What attracts farmers to Pokkali rice is an associated activity — fishing. Generally, rice is grown alternately with fish, in this case prawns. However, urbanisation is shrinking land under Pokkali cultivation. In 2007, the GI tag was granted to Pokkali rice. “Since we were just beginning, it took us a year to study the Pokkali system of cultivation on one side and the procedure of applying for GI on the other,” recalls Dr Elsy.
Cheruvayal Raman grows 52 indigenous varieties of rice
The cell’s next success was the Valakkulum pineapple. In 2010 Dr Elsy and her colleagues succeeded in getting GI tags for two famous, scented rice varieties of Kerala — Jeerakasala and Gandhakasala. For both, the acreage under cultivation has been declining.
In 2013, KAU prepared a blueprint for gearing up the IPR Cell’s activities and sent it to the state government, pinpointing its successes. The government was impressed and sanctioned annual financial support. The IPR Cell now submits its proposal every year and after perusing it the government authorises financial support.
This has made it possible for the IPR Cell to hire two research assistants on contract. The cell was earlier functioning from KAU’s headquarters in Mannuthy, Thrissur, for two years. Recently, Dr Elsy was transferred to Pattambi Regional Agriculture Research Station (RARS) so new research assistants had to be hired.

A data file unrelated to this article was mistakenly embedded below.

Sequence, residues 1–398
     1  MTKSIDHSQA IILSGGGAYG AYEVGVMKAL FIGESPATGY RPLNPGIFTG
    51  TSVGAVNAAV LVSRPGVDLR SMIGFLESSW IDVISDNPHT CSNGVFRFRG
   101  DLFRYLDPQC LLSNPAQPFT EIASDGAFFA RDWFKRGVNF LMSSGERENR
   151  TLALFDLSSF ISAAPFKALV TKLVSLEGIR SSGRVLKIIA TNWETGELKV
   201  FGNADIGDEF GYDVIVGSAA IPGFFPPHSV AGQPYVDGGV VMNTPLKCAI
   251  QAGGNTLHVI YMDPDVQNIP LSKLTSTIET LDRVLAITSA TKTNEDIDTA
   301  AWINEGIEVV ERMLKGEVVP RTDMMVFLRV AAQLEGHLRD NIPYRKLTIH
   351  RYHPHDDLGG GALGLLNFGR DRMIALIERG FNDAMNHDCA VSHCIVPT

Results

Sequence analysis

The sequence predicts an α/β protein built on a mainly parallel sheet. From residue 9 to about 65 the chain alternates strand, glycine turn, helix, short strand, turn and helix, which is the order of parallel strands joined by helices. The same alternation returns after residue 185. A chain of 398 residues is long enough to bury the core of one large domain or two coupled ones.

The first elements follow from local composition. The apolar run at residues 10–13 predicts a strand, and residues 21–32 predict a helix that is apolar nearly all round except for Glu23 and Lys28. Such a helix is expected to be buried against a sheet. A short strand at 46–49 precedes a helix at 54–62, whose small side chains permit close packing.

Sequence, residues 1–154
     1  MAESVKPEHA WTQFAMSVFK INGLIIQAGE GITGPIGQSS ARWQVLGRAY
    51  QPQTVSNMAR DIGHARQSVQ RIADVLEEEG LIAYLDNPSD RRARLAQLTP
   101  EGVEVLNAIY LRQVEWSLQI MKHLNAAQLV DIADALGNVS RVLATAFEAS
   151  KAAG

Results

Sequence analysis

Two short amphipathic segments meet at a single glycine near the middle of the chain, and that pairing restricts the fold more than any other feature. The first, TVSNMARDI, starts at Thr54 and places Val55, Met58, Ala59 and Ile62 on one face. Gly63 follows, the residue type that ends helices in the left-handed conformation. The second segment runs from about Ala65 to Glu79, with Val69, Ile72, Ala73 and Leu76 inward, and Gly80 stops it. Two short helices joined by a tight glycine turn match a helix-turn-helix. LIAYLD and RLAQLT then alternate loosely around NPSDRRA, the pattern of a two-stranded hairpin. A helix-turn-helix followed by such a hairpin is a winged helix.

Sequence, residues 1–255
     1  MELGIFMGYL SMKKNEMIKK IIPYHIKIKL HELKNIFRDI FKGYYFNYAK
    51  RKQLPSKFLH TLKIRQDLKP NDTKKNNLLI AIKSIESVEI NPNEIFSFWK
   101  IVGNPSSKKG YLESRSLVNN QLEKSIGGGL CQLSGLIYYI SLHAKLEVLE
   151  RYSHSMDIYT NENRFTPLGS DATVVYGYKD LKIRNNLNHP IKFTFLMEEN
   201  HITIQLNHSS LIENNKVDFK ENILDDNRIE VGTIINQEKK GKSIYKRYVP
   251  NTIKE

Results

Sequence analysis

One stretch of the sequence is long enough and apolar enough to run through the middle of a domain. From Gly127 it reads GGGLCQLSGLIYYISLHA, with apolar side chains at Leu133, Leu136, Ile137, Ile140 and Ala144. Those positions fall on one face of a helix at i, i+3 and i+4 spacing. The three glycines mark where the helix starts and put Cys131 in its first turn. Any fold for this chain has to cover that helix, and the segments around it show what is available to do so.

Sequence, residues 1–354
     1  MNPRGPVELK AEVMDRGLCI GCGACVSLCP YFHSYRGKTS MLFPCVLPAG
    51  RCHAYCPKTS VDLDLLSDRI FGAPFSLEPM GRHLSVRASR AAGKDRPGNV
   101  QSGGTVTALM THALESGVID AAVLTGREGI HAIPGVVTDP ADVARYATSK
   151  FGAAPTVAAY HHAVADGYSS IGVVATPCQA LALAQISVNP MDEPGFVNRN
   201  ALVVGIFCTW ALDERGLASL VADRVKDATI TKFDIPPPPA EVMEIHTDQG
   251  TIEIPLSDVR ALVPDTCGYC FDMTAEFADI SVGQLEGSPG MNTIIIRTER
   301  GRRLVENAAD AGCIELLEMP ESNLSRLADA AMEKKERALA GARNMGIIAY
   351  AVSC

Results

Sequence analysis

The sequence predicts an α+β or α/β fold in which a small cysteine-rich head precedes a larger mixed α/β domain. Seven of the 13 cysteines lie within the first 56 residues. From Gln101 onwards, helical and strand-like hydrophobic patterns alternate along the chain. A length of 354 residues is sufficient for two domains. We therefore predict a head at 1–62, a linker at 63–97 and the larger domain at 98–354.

With Central Travancore jaggery, Kaipad rice and Chengalikodan nendran banana receiving GI recognition, the IPR Cell has obtained seven GI tags for Kerala. Four more are in the pipeline — for Nilambur teak and teak products, Tirur Vettila (betel leaf), Kuttiattoor mango and Marayoor jaggery
Marayoor jaggery being stirred
Planting the idea
How does the IPR Cell get a GI tag granted? “We first identify a probable candidate for IP protection,” explains Dr Elsy. “The candidate might have been found by us or proposed by any farmer group.”
One criterion that the cell ensures at this stage is that its efforts should benefit the larger farming community. If such chances are bright, a meeting of all producers of the concerned area is convened. Matters such as provisions for GI registration, benefits of protecting IPR and so on are explained. “If you are interested, we can support you, is what we tell them at the end of a preliminary meeting,” says Dr Elsy.